Cookies on this website

We use cookies to ensure that we give you the best experience on our website. If you click 'Accept all cookies' we'll assume that you are happy to receive all cookies and you won't see this message again. If you click 'Reject all non-essential cookies' only necessary cookies providing core functionality such as security, network management, and accessibility will be enabled. Click 'Find out more' for information on how to change your cookie settings.

Background: Intermittent (luteal phase) dosing of selective serotonin reuptake inhibitors is one treatment strategy for premenstrual syndromes such as premenstrual dysphoric disorder. This avoids the risk of the antidepressant withdrawal syndrome associated with long-term continuous dosing. Aims: To compare intermittent dosing to continuous dosing in terms of efficacy and acceptability. Methods: We searched the Cochrane Central Register of Controlled Trials, MEDLINE, EMBASE, PsycINFO, PubMed and CINAHL for randomised trials of intermittent compared with continuous dosing of selective serotonin reuptake inhibitors in premenstrual syndromes. We extracted response rates, dropout rates and changes in symptom scores. We used random effects meta-analyses to pool study-level data and calculated odds ratio for dichotomous data and standardised mean difference for continuous data. Risk of bias was assessed using the Cochrane risk-of-bias tool. The study was registered with PROSPERO (CRD42020224176). Results: A total of 1841 references were identified, with eight studies being eligible for analysis, consisting of a total of 460 participants. All included studies provided response rates, six provided dropout rates and five provided symptom scores. There was no statistically significant differences between intermittent and continuous dosing in terms of response rate (odds ratio: 1.0, 95% confidence interval (CI): 0.23–4.31, I2 = 71%), dropout rate (odds ratio 1.26, 95% CI: 0.39–4.09, I2 = 33%) or symptom change (standardised mean difference: 0.04, 95% CI: −0.27 to 0.35, I2 = 39%). All studies had a moderate or high risk of bias. Conclusion: Since intermittent dosing avoids the potential for withdrawal symptoms, it should be considered more commonly in this patient population.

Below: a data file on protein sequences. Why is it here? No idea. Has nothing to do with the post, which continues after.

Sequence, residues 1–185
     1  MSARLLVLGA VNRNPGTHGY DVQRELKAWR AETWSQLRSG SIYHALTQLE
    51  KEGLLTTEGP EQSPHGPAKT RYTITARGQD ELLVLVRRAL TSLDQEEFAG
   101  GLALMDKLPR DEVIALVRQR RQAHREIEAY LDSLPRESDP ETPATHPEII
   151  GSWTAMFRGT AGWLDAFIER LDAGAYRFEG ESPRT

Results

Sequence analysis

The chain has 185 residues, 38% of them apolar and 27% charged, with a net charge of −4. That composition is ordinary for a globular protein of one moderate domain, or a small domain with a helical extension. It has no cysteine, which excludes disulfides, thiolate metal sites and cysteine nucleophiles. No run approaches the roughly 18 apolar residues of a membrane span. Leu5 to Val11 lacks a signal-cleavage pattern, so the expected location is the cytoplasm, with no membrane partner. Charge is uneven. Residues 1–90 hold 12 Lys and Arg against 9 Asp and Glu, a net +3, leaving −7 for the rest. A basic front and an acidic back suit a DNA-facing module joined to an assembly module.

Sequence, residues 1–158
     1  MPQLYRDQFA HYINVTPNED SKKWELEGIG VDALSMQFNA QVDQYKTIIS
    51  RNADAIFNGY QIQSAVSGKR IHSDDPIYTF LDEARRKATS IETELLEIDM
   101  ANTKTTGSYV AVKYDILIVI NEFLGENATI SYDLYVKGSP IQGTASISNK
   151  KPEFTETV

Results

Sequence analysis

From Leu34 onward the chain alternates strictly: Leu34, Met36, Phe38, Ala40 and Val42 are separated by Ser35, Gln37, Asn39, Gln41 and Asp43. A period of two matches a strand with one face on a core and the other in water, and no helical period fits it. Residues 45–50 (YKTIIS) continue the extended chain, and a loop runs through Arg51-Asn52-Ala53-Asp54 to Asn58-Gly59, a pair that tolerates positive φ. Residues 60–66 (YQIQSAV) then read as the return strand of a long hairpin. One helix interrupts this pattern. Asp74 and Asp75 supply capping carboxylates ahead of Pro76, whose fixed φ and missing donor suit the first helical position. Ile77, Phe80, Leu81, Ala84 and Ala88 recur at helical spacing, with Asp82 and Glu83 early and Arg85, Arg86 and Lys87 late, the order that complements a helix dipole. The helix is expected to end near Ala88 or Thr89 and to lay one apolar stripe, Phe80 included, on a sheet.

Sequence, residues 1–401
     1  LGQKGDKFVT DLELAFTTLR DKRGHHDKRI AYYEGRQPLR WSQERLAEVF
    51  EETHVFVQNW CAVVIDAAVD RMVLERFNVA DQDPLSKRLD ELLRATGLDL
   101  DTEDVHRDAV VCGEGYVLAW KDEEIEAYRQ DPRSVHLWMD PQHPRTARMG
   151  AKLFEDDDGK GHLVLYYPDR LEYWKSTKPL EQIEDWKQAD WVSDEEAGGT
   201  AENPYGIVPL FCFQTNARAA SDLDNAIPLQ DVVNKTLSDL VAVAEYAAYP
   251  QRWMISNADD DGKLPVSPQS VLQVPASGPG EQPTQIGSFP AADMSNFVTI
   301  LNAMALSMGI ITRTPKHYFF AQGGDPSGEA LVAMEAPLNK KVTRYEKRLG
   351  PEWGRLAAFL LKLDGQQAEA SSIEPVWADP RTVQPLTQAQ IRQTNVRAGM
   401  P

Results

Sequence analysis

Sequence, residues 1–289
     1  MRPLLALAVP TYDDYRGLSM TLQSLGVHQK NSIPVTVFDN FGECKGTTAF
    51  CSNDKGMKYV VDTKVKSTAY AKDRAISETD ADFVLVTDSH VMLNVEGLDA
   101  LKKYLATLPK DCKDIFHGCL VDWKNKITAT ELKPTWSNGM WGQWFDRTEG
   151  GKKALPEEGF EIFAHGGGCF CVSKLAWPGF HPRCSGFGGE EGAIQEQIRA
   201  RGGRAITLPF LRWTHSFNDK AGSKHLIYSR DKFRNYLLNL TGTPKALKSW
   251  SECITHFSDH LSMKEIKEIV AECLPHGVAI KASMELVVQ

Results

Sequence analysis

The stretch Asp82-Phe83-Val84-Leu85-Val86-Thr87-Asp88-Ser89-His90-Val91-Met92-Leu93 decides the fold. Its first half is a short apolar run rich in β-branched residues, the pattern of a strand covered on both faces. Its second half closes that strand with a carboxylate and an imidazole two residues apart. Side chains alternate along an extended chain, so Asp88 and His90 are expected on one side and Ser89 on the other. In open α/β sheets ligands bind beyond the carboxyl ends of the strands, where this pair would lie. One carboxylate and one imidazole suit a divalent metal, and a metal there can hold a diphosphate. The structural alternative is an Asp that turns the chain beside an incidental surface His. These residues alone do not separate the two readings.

Original publication




Journal article


Journal of Psychopharmacology

Publication Date





261 - 267